And no, this one is not the "Alabama Song" on Allison Moorer's album of the same name. This "Alabama Song" is also known as "Whiskey Bar", "Moon Over Alabama" and "Moon of Alabama" and it began life deep in the heart of 1920's Germany.
The lyrics originated with German poet, playwright and theatrical director Bertolt Brecht [1898-1956]. Written in 1925, they first appeared in his collection Hauspostille [Manual of Piety in Eric Bentley's 1966 translation] two years later.
In that same year Brecht began a collaboration with composer Kurt Weill [1900-1950] on Mahagonny-Songspiel, a short opera they prepared for the Baden-Baden Festival. German singer and actress and Weill's wife, Lotte Lenya [1898-1981], playing the prostitute Jessie in that production, first sang the song in public. "Alabama Song" and one other piece were performed in English, with translation provided by frequent Brecht collaborator Elisabeth Hauptmann [1897-1973].
By 1930 the songs of the short opera had been included in Brecht and Weill's epic political satire, The Rise and Fall of the City of Mahagonny, where the prostitute character's name has become Jenny. The longer work was first performed in Leipzig in March 1930.
Lenya did not appear in the new opera, but she released a recording of "Alabama Song" to coincide with its premiere. Lenya continued to perform the song for the remainder of her career. She did play the prostitute Jenny character in the 1928 premiere of Brecht and Weill's best-known work, The Threepenny Opera. That work, performed over 10,000 times around the world, continues to be popular and is famous for introducing the song "Mack the Knife."Lenya is perhaps best remembered today for her role as Rosa Klebb in the second James Bond film, From Russia with Love.
The lyrics below are those used in the Door's 1966 recording. An amazing variety of other artists have performed "Alabama Song" over the years. The Mitchell Trio folk group included it on a 1964 album. Bette Midler included the number in her shows in 1977 and it's available on her Live at Last album. David Bowie, Nina Simone, Marianne Faithfull, David Johansen, and Marilyn Manson have all recorded or performed the song. Numerous others are included on a lengthy list on Wikipedia.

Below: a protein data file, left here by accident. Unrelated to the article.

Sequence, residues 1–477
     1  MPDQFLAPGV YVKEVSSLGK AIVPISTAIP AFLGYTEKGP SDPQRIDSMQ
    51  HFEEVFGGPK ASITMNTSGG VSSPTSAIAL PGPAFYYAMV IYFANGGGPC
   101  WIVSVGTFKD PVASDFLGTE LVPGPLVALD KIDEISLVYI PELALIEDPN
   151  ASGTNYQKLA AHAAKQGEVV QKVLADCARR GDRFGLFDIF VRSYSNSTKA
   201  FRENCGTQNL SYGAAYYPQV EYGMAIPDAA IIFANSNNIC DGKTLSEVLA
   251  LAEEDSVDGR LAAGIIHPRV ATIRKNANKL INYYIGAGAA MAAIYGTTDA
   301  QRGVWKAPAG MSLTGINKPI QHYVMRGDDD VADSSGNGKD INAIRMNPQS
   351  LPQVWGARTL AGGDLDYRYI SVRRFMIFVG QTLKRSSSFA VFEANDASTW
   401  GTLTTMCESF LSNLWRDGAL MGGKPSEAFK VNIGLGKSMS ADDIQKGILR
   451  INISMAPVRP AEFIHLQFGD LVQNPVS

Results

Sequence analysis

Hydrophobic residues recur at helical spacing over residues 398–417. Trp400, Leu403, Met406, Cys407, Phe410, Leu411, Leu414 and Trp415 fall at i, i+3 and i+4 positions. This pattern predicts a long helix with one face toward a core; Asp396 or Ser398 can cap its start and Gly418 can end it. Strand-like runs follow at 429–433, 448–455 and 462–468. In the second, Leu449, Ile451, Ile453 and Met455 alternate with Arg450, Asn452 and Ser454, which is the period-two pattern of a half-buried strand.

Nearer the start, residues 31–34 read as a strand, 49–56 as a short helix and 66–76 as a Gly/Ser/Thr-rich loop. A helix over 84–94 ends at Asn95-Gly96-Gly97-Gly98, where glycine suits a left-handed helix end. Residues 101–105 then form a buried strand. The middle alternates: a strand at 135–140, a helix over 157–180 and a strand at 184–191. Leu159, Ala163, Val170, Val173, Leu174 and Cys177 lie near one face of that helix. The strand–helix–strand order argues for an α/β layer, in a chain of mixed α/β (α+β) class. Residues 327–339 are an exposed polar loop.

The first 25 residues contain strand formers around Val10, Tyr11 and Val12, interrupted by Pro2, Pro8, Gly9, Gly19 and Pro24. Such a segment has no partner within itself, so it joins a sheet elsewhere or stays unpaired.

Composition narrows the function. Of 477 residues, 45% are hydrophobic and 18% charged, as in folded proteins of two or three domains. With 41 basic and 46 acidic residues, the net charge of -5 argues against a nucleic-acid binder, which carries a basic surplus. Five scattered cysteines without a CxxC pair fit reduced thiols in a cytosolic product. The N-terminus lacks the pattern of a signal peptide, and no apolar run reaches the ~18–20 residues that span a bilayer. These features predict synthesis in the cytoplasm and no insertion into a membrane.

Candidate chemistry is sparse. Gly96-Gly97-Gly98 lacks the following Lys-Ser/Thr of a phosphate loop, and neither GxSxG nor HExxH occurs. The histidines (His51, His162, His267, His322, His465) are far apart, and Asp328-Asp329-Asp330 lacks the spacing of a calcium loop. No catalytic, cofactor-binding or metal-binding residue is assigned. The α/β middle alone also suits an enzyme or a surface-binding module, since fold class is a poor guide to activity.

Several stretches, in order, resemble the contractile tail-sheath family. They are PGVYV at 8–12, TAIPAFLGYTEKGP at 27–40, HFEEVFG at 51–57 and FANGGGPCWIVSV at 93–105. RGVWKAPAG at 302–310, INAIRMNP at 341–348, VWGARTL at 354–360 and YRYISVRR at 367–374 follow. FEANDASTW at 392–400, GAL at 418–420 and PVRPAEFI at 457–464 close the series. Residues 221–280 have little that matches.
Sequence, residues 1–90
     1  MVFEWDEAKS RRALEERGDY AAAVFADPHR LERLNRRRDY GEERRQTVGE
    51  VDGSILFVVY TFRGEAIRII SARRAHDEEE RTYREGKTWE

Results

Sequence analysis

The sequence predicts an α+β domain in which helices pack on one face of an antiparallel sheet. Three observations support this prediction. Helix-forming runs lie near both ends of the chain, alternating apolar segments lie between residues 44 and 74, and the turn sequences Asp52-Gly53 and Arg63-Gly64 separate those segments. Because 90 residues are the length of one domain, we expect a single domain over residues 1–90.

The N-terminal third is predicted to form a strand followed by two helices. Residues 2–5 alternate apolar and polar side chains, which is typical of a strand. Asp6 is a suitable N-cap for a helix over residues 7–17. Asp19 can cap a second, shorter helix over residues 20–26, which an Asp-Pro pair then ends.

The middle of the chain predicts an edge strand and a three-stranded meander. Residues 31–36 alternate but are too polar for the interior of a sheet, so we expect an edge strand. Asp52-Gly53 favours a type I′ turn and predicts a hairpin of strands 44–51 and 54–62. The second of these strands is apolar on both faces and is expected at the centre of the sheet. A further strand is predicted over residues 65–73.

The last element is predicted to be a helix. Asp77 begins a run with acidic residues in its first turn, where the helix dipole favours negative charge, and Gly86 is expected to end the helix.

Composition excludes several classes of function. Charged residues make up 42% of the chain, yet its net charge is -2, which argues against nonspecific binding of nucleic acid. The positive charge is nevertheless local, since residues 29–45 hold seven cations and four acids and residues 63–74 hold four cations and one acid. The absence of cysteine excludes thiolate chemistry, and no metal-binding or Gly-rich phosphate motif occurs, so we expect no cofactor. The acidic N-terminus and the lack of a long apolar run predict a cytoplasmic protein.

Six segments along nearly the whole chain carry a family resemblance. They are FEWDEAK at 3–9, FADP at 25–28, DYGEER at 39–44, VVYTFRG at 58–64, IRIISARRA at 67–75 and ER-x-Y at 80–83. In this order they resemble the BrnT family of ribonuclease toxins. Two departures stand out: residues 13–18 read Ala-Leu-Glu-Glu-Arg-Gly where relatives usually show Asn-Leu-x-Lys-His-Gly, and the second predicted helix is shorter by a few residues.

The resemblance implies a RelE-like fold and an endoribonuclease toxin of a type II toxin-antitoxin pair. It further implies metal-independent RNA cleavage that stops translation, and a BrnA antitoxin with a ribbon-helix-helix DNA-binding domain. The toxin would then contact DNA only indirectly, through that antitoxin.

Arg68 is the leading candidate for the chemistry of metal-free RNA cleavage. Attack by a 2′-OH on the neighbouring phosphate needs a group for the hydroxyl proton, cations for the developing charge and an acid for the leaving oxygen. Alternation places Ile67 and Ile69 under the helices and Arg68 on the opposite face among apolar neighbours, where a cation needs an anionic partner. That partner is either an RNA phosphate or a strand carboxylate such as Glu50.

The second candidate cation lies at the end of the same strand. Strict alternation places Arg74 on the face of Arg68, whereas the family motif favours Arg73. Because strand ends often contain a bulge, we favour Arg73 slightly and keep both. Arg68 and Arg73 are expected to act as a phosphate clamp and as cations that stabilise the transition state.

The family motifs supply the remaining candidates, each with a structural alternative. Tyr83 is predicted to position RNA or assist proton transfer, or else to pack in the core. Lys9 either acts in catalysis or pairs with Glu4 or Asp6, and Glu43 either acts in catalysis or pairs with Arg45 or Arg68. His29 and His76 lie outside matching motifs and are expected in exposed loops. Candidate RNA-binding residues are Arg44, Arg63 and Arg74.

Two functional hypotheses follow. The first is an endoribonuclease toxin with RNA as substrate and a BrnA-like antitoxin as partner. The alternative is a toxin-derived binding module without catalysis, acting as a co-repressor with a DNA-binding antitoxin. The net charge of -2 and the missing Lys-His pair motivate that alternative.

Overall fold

I have a CD "All that Jazz: The Best of Ute Lemper" released in 1998. On it Lemper performs several Kurt Weill songs, including "Alabama-Song." The German singer and actress is a well-known modern interpreter of Weill's work.
In 1965 the album Mack The Knife And Other Berlin Theatre Songs Of Kurt Weill was released featuring saxophonist Eric Dolphy and pianist John Lewis of the Modern Jazz Quartet. The album opened with "Alabama Song", recorded in January 1964 just six months before Dolphy's death.
The album was reissued with additional tracks in 2008; the cover of that version is below. You can hear it on YouTube along with other versions under the various titles. According to the Wikipedia article on the song linked above, trombonist and arranger of the song Mike Zwerin asked Dolphy to "play what [he] felt about Alabama."
Now we come to the question of the hour. What in the world does this song have to do with Alabama? Beats me, although we do have plenty of whiskey bars, moons, mamas and dying in the state. Perhaps it just seemed exotic to some artistic Germans in the 1920's; perhaps the word fit the rhythm.
After the Nazis came to power, the work of Brecht and Weill was banned and they, along with Hauptmann, immigrated to the United States until after World War II. Whether they ever visited Alabama during those years is unknown.
Weill in 1932
Lenya as photographed by Carl Van Vechten in 1962
A 1930 recording of the song by Lotte Lenya
Source: Internet Archive